"In addition," says Bradtberg, "even people who have built a hut on Valentinswerder for 80,000 euros come here today with full bags from the discount store." The Bradtbergs have not sold newspapers at all since Corona, too little demand. Watching the collapse of the print media at a kiosk is all the sadder as it was the Parisian kiosk culture of the 19th century that gave rise to the tabloid and thus promoted a political public sphere in Europe.

Nevertheless, people come here to talk to each other. And mostly about current political issues. The regulars' table is a kind of Greek choir commenting on the course of time. The refugee crisis was discussed at length at the Bradtbergs, as well as Angela Merkel, "marriage for all", Hertha, the murder of a neighboring restaurateur.

In times of the traffic light coalition this is to be discussed: Habeck. Ukraine. hot summer. energy prices. Inflation. And of course the regulars' table would have had a lot to say about Jens Spahn and Corona, but back then they weren't allowed to meet, at the round table, under the tarpaulin. Although that is now clearly in the fresh air.

But as soon as someone even made preparations to sit down, the public order office seemed to be around the corner. On the other hand, beer outside the home was good during this time - people were happy that anywhere was open at all, says Matthias Bradtberg.

Now the regulars' table is no longer under epidemic control surveillance. Preferably they meet on Friday evenings, it's already dark enough for fairy lights. Dieter, Karin, Volker, Michael, Michaela, Frank-Michael, Gabriele, Karsten and Heiko are part of the core team.

And Mandy. She is a geriatric nurse and does the D-Jane in the Saatwinkel, via cell phone on the loudspeaker. There is "You lied to me a thousand times" by Andrea Berg. But also “Brandenburg” by Rainald Grebe. Sometimes they sing to the guitar, "Johnny Walker" for example, from Westernhagen.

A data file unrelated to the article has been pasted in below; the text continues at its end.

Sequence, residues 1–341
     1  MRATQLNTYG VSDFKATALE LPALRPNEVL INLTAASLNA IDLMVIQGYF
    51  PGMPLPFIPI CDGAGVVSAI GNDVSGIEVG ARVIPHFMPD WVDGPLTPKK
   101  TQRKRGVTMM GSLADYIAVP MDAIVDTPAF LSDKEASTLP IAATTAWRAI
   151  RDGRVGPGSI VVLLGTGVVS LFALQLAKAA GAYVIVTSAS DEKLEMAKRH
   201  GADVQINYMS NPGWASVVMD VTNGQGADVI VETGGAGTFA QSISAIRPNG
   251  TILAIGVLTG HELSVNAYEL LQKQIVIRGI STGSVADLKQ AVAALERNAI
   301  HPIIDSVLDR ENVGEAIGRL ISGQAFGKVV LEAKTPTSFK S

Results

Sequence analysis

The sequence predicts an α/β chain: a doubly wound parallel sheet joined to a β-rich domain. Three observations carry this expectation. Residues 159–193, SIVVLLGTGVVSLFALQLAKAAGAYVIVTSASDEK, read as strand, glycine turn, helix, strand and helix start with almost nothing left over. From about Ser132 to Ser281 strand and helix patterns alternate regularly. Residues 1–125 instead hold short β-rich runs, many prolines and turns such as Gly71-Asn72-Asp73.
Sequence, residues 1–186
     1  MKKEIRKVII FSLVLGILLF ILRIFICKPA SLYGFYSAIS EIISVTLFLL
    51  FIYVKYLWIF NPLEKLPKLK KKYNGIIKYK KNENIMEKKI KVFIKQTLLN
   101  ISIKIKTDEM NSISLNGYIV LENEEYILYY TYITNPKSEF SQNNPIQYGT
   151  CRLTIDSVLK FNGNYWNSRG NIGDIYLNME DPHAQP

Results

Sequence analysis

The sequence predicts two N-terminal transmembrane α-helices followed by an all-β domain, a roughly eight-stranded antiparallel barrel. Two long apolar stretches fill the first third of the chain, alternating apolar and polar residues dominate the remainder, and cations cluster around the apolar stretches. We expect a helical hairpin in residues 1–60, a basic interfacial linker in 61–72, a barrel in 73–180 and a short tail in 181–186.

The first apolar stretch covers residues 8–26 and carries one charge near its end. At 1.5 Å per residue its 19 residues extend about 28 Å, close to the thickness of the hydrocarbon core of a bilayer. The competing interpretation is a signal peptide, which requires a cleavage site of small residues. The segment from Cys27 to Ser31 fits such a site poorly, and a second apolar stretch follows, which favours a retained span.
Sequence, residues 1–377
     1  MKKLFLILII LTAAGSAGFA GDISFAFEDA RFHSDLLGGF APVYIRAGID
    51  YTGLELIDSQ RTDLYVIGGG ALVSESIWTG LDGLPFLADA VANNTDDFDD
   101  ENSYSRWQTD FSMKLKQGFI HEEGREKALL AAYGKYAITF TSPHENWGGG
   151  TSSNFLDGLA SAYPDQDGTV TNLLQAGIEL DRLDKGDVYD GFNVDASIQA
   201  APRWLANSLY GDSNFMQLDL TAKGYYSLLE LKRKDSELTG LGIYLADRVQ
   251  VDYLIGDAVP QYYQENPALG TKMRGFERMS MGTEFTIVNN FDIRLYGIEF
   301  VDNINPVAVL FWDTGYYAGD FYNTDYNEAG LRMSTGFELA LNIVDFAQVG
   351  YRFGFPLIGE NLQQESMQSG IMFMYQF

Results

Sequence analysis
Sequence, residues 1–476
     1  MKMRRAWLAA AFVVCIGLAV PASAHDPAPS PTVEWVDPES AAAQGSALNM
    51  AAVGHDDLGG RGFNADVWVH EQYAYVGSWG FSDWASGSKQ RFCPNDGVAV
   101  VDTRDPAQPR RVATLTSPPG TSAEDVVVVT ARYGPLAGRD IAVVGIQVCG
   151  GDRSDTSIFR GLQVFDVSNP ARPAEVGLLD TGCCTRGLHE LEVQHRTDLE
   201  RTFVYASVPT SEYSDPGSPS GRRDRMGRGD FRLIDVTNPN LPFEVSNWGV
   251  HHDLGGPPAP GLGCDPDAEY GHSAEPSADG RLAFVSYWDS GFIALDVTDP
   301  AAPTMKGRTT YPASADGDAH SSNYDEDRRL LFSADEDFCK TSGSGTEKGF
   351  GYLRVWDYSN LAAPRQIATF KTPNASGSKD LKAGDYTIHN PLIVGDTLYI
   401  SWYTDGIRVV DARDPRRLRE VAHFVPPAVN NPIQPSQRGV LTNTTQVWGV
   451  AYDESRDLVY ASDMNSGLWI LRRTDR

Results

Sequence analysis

Volker is a bit of the socialite on duty and always gets hit when the others get upset about Karl Lauterbach or Olaf Scholz. The mechanical engineer is a textbook fellow: first academic generation in his family, always ready to defend his party's policies as much as possible. However, the Jusos in Berlin are a bit too much for him too.

Volker puts his finger on a pain point that the top officials should think more about: "Almost everyone here could vote for the SPD or even be a member," he says, "but on some issues they feel better understood by the AfD than by the Socialists. Something's wrong there.” The answer to Volker's analysis is definitely a round of runts.

On a Friday in early September, the focus is on the district's water management policy: swimming pools with a volume of more than 1,000 liters are banned because of the drought. So she is being unfairly persecuted, says Karin, her pool only holds 600 liters and is also inflatable. Fights in the board of the association are discussed, which show that the allotment garden is not an area free of politics. How could he? It's about living together.

And over every allotment area looms the threat of reserve area status, giving priority to urban building projects. In view of the housing shortage, you can hardly have anything against that – on the one hand. On the other hand, especially in big cities, people need greenery at affordable prices.

And they need, as one can see well in the Saatwinkel, the exchange, casually, every day, at the kiosk, face to face. Then an ice-cold Bommerlunder. Definitely not runt again.

"Kick-off Politics" is WELT's daily news podcast. The most important topic analyzed by WELT editors and the dates of the day. Subscribe to the podcast on Spotify, Apple Podcasts, Amazon Music, among others, or directly via RSS feed.